RoKKa Pilot Project Uses Wastewater to Produce Fertilizers and Raw Materials – Eurasia Review
“Until now, the task of a sewage treatment plant was mainly to clean the waste water”, explains Dr.-Ing. Marius Mohr, project manager at the Fraunhofer Institute for Interfacial Engineering and Biotechnology IGB. “Now we also look at the raw materials contained in the wastewater.” Scientists from Fraunhofer IGB, University of Stuttgart, University of Kassel and Technical University of Kaiserslautern are working on sustainable biorefinery with the companies SolarSpring GmbH, Deukum GmbH, Nanoscience for life GmbH, Umwelttechnik BW GmbH, the city of Erbach and the Administrative Union of the Steinhäule sewage treatment plant.
Securing raw materials thanks to microalgae and electrosynthesis
Scientists are testing methods for extracting phosphorus and nitrogen compounds for fertilizers from wastewater. Microalgae are also used to produce plant fortifiers and agricultural soil amendments. Even the CO2 that is produced during biogas production is separated and reprocessed into a raw material for the chemical industry. “In this way, the principles of the bioeconomy are applied and sewage treatment plants can become a sustainable source of raw materials. The recovery of phosphorus and nitrogen in the form of fertilizer closes the nutrient cycle and has a positive effect on the climate,” explains Dr.-Ing. Anette Zimmermann, Head of Environmental Technology and Bioeconomy at Umwelttechnik BW.
The ePhos process allows the recovery of phosphorus. Using a sacrificial magnesium anode, the phosphorus is electrochemically precipitated in the form of struvite. Two pilot plants separate ammoniacal nitrogen from sludge water. One plant follows the principle of membrane gas absorption with membrane contactors, the other works on the principle of membrane distillation.
The RoKKa pilot project assesses the impact of nitrogen recovery with a view to the climate balance of wastewater treatment plants. The classic degradation of nitrogen compounds in sewage treatment plants produces a considerable amount of the greenhouse gas nitrous oxide (N2O), also known as laughing gas. The extent to which nutrients in wastewater serve as food for microalgae is also tested. In addition to light, algae need CO2 for photosynthesis. It comes from the biogas digestion process and is separated using an amino acid solution. At the same time, another way to use CO2 is being tested. Part of the CO2 is transformed into formate by an electrosynthesis plant. Formate is a basic chemical used in the chemical industry. The project thus demonstrates the possibility of recycling CO2.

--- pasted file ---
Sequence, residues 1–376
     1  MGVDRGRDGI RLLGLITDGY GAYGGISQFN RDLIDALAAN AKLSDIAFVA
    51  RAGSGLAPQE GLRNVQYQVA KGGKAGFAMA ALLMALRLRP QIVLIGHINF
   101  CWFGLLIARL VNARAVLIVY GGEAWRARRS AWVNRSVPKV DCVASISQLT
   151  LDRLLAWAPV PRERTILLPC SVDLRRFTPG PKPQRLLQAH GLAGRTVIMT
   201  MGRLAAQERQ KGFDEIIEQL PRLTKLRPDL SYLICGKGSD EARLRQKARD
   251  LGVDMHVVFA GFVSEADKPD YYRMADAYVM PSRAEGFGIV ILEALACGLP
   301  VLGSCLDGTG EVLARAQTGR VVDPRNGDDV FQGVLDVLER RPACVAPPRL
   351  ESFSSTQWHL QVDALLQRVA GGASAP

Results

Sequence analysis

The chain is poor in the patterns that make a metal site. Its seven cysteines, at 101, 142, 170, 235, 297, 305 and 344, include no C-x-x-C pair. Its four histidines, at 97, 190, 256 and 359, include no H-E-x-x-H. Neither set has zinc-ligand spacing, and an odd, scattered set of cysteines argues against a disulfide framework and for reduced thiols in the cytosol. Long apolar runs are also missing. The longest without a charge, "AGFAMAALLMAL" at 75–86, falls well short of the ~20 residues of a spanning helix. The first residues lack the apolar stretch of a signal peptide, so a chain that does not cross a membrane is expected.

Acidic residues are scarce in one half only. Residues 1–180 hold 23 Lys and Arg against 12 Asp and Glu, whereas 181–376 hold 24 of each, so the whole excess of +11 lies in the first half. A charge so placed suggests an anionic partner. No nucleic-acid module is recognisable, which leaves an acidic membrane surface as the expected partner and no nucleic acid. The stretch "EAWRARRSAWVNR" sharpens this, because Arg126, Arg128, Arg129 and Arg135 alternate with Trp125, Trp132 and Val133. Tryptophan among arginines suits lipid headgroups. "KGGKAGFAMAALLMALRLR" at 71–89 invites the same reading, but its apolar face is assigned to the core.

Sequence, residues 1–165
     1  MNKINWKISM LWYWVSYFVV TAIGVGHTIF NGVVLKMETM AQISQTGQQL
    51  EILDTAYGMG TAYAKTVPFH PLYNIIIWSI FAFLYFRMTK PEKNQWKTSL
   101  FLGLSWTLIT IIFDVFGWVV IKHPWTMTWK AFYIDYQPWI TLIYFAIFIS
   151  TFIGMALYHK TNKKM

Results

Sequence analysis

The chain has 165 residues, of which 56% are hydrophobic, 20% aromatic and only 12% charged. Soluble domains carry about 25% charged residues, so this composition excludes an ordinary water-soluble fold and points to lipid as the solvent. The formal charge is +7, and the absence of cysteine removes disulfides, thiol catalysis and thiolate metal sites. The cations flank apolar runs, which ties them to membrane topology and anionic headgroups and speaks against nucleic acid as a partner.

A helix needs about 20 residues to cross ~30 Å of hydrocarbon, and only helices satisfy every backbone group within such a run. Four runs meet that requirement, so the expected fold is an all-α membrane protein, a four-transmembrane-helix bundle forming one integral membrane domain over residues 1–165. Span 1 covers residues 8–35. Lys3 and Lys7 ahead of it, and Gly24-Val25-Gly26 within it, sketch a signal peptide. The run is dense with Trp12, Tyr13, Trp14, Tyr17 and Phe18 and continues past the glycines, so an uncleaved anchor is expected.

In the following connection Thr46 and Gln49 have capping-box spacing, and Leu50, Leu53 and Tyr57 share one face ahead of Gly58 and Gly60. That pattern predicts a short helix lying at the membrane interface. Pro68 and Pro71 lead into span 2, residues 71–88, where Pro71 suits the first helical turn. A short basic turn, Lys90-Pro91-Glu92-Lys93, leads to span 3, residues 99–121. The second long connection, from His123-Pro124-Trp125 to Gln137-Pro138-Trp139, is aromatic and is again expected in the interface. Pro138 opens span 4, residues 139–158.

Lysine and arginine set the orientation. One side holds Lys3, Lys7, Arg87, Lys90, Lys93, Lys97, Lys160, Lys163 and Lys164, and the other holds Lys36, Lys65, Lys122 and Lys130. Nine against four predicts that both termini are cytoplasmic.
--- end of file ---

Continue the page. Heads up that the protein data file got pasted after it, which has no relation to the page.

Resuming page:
Biorefinery of the Erbach and Neu-Ulm wastewater treatment plants
The pilot plants in the cities of Erbach and Neu-Ulm will be integrated into existing sewage treatment plants and tested with real wastewater. “We are delighted to be a research partner that makes this project possible,” says Thomas Schniertshauer of Erbach building authorities. “Already in 2016, we took the first step towards a bioeconomy with the construction of a high-load digestion process in our wastewater treatment plant. We are now proud to expand our wastewater treatment plant into a sustainable biorefinery. »
The project is funded by the Ministry for the Environment, Climate Protection and the Energy Sector of Baden-Württemberg within the framework of the ERDF (European Research and Development Fund) program “Bioeconomy – Biorefineries for the valorization raw materials from waste and wastewater”. The ERDF is a structural fund which supports economic, territorial and social cohesion within the EU. Project coordination and public relations are handled by Umwelttechnik BW, Baden-Württemberg’s national agency for environmental technology and resource efficiency.